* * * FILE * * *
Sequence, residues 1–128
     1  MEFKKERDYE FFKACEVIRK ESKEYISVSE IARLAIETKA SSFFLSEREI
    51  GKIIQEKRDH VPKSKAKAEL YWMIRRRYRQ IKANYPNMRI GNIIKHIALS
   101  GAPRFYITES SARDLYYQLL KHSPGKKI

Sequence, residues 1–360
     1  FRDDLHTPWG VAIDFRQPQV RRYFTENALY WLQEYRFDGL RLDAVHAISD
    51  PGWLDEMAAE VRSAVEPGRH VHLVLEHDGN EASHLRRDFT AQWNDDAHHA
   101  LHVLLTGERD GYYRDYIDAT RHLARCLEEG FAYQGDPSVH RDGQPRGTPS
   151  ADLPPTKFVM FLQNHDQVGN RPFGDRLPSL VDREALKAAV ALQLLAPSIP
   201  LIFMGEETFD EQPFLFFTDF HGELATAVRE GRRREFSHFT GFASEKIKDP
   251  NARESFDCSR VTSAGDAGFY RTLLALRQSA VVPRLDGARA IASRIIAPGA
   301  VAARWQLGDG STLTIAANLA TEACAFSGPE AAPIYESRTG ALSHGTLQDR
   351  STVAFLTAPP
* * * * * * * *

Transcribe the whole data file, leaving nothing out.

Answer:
Sequence, residues 1–128
     1  MEFKKERDYE FFKACEVIRK ESKEYISVSE IARLAIETKA SSFFLSEREI
    51  GKIIQEKRDH VPKSKAKAEL YWMIRRRYRQ IKANYPNMRI GNIIKHIALS
   101  GAPRFYITES SARDLYYQLL KHSPGKKI

Sequence, residues 1–360
     1  FRDDLHTPWG VAIDFRQPQV RRYFTENALY WLQEYRFDGL RLDAVHAISD
    51  PGWLDEMAAE VRSAVEPGRH VHLVLEHDGN EASHLRRDFT AQWNDDAHHA
   101  LHVLLTGERD GYYRDYIDAT RHLARCLEEG FAYQGDPSVH RDGQPRGTPS
   151  ADLPPTKFVM FLQNHDQVGN RPFGDRLPSL VDREALKAAV ALQLLAPSIP
   201  LIFMGEETFD EQPFLFFTDF HGELATAVRE GRRREFSHFT GFASEKIKDP
   251  NARESFDCSR VTSAGDAGFY RTLLALRQSA VVPRLDGARA IASRIIAPGA
   301  VAARWQLGDG STLTIAANLA TEACAFSGPE AAPIYESRTG ALSHGTLQDR
   351  STVAFLTAPP